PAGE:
In today's MSJ, there are two articles, both written by Steve Schultze, and both dealing with the Milwaukee County House of Correction (HOC) and the Community Correctional Center (CCC) where they house the work release inmates. Both are in the main news section. One article is titled " Lights out for inmates is 3:30". This one was located on the front page and continued on the inside, on page 18. The second article is also on page 18. This article is titled "Clarke rips release plan after arrest".
Both articles caught my eye, due to the fact that I used to work there. I have also been following the story of the four corrections officers who were targeted by Scott Walker for termination. As I read both articles, I found that there were two areas of interest. One was the implications of the story, which I will cover in my next post. The other area was some of the inconsistencies in the two stories.
The main story was about how inmates at HOC and CCC are allowed to stay up until 3:30 a.m. on weekends and holidays, which apparently is unique to the state. All other correctional facilities have lights out at 10 p.m. The part I want to point out is when Mr. Schultze speaks to he superintendent of the HOC and CCC, Ron Malone:
Ron Malone, superintendent of the House of Correction and the work-release center at 1004 N. 10th St., declined to comment, saying he wasn't familiar with inmate hours.
While in the second article, which is about another escaped inmate from CCC, we see this:
Ron Malone, superintendent of the work-release center, couldn't be reached.
Did he speak to Malone, or didn't he? Or did he speak to Malone on one occasion and tried to make contact again? If this is the case, why wasn't that point clarified?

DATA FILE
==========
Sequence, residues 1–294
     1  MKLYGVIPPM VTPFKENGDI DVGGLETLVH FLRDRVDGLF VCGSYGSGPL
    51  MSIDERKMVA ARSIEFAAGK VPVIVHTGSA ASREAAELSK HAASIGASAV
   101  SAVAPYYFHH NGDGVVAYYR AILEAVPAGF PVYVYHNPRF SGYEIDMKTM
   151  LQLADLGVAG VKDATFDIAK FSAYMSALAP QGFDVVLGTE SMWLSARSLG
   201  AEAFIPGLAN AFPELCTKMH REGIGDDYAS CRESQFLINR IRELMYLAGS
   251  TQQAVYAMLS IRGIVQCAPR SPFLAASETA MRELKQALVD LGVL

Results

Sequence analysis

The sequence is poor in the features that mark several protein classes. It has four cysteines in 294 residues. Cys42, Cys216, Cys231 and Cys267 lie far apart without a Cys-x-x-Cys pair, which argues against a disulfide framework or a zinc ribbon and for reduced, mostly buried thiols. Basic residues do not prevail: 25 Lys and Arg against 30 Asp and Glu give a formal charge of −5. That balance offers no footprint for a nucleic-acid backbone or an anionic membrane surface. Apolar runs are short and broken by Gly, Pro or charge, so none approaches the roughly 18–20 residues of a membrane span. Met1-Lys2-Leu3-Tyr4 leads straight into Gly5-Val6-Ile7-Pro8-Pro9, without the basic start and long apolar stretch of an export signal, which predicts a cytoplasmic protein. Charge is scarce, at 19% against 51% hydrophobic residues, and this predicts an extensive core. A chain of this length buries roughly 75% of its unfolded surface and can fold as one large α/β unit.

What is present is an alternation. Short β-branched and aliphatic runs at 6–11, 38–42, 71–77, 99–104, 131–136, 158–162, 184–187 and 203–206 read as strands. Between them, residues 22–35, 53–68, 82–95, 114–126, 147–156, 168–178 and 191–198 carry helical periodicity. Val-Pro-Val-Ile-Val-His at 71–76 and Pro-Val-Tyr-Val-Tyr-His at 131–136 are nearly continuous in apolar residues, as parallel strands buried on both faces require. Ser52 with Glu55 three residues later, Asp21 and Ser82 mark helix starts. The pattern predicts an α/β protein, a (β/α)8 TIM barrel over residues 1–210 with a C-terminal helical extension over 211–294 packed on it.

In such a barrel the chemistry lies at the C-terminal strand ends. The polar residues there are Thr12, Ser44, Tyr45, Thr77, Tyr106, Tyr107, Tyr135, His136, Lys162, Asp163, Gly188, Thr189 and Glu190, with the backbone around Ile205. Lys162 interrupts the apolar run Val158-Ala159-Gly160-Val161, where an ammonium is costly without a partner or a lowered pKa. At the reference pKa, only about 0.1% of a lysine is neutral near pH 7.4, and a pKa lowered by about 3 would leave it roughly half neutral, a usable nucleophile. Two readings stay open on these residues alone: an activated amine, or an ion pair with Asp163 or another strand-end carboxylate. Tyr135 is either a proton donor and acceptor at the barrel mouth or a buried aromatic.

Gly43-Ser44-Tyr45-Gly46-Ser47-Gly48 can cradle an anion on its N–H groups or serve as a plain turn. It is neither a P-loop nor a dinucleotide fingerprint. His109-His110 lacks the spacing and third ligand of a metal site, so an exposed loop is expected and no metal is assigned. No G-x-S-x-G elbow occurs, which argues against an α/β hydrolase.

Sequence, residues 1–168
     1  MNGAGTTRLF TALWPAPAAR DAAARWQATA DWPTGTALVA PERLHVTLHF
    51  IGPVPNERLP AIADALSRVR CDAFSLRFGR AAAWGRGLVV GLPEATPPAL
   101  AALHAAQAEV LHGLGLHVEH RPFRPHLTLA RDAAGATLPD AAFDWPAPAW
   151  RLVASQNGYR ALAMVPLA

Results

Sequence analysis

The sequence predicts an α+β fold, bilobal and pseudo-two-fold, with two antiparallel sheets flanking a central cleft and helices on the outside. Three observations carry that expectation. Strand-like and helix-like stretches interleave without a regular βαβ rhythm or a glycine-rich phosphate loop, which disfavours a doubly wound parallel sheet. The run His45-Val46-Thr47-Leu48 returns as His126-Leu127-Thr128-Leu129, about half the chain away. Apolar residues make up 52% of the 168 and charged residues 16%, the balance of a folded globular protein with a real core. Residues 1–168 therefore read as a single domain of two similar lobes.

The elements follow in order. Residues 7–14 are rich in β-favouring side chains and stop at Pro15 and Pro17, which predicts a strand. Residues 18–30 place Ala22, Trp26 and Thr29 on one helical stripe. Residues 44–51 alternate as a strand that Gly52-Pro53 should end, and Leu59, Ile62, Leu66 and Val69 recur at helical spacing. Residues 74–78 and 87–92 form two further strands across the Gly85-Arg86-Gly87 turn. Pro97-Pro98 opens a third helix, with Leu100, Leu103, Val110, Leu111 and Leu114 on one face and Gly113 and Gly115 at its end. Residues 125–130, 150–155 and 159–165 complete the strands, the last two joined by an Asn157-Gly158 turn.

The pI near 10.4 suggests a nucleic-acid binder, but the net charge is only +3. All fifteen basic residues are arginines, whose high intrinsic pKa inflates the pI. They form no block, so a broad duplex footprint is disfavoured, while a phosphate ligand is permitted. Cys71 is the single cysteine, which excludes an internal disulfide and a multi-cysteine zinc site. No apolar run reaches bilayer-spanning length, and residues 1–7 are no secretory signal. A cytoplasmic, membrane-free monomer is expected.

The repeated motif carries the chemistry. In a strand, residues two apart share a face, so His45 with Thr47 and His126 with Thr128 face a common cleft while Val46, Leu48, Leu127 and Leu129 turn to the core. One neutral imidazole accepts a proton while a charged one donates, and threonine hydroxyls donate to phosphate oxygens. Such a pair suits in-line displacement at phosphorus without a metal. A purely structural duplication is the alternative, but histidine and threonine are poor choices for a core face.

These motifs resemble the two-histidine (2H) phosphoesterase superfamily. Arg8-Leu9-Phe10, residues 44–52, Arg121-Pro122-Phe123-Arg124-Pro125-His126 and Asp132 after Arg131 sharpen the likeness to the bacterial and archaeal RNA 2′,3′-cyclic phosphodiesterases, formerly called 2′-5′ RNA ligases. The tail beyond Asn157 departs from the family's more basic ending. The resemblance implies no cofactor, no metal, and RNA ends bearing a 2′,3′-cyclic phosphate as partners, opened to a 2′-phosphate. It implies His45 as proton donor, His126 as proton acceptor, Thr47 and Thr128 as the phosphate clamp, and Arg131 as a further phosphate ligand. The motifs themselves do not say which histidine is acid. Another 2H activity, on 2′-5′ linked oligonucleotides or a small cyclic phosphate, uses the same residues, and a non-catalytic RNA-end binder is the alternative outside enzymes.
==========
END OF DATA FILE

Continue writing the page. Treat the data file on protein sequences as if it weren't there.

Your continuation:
Also in the body of the second article, we have another seeming contradiction. First, Mr. Schultze writes:
Milwaukee County Sheriff David A. Clarke Jr. criticized the county’s work-release program after deputies arrested a man Tuesday night who had left the downtown Community Correctional Center without authorization. Clarke said 41-year-old Kenneth D. Glenn should have been excluded from the work-release program based on his history of six felony convictions.
Note the verbs criticized and said. As Jay would teach us, those are action verbs, which would indicated that Clarke was present during these actions, or at least in direct contact with the reporter. But the last sentence of the same article reads:
Clarke was not available for comment Wednesday, said spokeswoman Kim Brooks.
Now, I realize Clarke probably did the original criticism through a press release. But I can't but think that it would make the article seem less self-contradictory if this was mentioned. But since it wasn't, and being right next to the first article, it would make it seem like sloppy journalism, or sloppy editing.
By no means should this critique be construed as maligning Mr. Schultze's personal or journalistic integrity, but I must point out that the inconsistencies between the two stories and in the same story, makes it more suspect to skepticism. I recognize that there may be some logical rationale on why these articles appear this way, but without knowing that rationale, one can only wonder, and be wary.
Another odd part to this whole thing is that when I went to write this post, I had to dig around in the archives to find the second story, even though it was just published today.